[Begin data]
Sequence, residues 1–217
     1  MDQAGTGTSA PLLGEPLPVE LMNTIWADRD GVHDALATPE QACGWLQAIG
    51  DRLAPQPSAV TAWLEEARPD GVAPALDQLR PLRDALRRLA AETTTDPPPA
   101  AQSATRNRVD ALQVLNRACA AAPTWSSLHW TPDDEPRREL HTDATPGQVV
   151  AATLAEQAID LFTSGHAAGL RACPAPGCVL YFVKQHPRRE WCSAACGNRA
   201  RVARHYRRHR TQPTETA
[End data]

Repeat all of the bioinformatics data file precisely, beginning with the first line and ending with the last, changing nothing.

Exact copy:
Sequence, residues 1–217
     1  MDQAGTGTSA PLLGEPLPVE LMNTIWADRD GVHDALATPE QACGWLQAIG
    51  DRLAPQPSAV TAWLEEARPD GVAPALDQLR PLRDALRRLA AETTTDPPPA
   101  AQSATRNRVD ALQVLNRACA AAPTWSSLHW TPDDEPRREL HTDATPGQVV
   151  AATLAEQAID LFTSGHAAGL RACPAPGCVL YFVKQHPRRE WCSAACGNRA
   201  RVARHYRRHR TQPTETA